Women’s Group Tries Nude Modeling

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Source: AP

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(SKIPTON, England) — They were once known for making jam and knitting comfortable sweaters.

But now they’re nude. And they’re a hit.

After the husband of one member died of leukemia, the middle-aged ladies of Rylstone and District chapter of the Womens Institute – a British service group set up in 1915 – came up with a new way to raise money for research into the disease.

Reasoning that their annual calendars, featuring glowing sunsets and rose-covered country cottages, just weren’t grabbing enough attention, they dared to pose nude for their 2000 offering.

The sendup of a garage mechanic’s calendar – showing the ladies wearing little but pearls and hats – was an immediate hit at $8 each, and has raised $550,000.

Thousands of letters have poured in, many from middle-aged women saying the pictures have helped restore their self-esteem.

"We’re in our 50s, and it doesn’t bother us, and that seemed to come across," said Miss October, Tricia Stewart.

The calendar opens with Miss January, Beryl Banforth, 65-year-old retired secretary, chairing a meeting of members wearing only pearls and elegant hats, and ends with a group of members singing carols in Santa hats.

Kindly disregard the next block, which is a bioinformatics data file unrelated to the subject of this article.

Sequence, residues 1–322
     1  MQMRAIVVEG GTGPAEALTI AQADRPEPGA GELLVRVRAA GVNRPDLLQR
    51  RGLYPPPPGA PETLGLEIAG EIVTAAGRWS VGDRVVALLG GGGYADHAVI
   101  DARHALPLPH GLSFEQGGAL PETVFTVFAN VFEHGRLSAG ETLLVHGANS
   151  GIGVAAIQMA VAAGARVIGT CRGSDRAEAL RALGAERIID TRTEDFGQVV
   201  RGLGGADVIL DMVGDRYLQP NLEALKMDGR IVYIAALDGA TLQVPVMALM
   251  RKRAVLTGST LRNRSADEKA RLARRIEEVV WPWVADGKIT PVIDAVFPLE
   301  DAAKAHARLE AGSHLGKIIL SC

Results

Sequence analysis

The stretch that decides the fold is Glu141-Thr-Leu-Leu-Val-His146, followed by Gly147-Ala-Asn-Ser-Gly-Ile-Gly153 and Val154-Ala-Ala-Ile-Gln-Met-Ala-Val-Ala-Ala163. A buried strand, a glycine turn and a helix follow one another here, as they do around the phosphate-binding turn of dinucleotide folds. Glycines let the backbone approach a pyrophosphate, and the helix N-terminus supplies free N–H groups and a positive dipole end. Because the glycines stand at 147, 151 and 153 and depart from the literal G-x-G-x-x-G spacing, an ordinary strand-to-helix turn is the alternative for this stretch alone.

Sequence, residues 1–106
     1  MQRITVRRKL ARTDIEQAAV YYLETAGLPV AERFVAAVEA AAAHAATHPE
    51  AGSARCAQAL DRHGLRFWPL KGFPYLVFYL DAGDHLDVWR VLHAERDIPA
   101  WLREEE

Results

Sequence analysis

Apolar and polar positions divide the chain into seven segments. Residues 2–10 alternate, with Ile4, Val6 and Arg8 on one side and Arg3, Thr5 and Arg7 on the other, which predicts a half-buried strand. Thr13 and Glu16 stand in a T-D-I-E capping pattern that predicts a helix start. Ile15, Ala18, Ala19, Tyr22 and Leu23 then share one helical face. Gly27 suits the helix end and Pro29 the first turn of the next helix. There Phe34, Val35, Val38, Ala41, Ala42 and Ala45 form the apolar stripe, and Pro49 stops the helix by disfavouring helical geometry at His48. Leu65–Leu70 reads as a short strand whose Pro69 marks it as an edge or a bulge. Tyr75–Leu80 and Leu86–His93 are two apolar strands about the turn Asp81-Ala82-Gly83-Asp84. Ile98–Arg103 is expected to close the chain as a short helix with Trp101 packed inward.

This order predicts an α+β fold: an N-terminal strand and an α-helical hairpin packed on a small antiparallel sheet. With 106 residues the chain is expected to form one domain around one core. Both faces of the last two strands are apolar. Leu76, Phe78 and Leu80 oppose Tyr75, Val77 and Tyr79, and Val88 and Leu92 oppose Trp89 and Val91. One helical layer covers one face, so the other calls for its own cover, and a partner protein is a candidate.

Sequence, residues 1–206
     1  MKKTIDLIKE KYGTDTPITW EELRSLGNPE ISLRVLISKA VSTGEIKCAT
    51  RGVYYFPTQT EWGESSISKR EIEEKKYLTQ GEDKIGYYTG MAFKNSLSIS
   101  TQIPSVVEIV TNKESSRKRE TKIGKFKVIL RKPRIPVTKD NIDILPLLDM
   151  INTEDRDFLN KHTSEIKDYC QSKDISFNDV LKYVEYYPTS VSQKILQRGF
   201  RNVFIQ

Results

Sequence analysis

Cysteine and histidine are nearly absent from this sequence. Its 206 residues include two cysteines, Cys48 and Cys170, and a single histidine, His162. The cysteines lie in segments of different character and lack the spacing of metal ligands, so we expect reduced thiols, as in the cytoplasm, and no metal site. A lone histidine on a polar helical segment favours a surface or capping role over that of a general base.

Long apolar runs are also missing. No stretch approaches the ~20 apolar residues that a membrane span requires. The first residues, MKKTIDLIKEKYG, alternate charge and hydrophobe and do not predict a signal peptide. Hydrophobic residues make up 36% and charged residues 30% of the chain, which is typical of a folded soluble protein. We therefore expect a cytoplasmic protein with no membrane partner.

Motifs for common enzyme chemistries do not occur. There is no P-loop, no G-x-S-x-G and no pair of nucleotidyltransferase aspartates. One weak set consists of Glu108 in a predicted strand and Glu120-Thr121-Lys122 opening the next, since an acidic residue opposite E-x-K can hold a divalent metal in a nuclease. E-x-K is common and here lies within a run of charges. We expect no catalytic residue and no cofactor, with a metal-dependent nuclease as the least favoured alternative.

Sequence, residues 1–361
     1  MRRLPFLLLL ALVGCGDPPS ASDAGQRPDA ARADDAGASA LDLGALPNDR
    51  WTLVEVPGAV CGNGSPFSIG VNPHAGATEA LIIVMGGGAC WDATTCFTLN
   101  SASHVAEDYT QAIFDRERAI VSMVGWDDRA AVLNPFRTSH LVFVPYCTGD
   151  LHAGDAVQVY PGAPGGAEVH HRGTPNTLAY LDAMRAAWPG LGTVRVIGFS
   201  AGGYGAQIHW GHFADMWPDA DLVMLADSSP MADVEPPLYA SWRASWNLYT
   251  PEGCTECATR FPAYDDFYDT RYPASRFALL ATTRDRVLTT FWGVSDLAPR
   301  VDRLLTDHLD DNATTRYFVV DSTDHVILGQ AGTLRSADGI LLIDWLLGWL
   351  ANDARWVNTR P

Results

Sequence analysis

In between are 10 photos of members of the local branch – aged 45 to 60 – taking part in various homely pursuits, like cooking. Artfully placed knitting or cooking utensils avert undue embarrassment.

Miss July, 56-year-old painter Lynda Logan, said the group had been so shocked by the death from leukemia in July 1998 of John Baker, 54, "that we would have done anything to draw attention to the tragedy of his illness."

At the photo-shoot, the women overcame their shyness by imbibing generous quantities of red wine.

"We’re all great friends so there was no embarrassment," said Miss May, 51-year-old nursing home manager Moyra Livesey.

"In fact, watching each other covering ourselves strategically with sieves and plants and apple presses and the like was tremendous fun."

Other groups have made similar calendars, including pro-hunting groups, farmers, Royal Air Force pilots, a fire brigade and a chefs.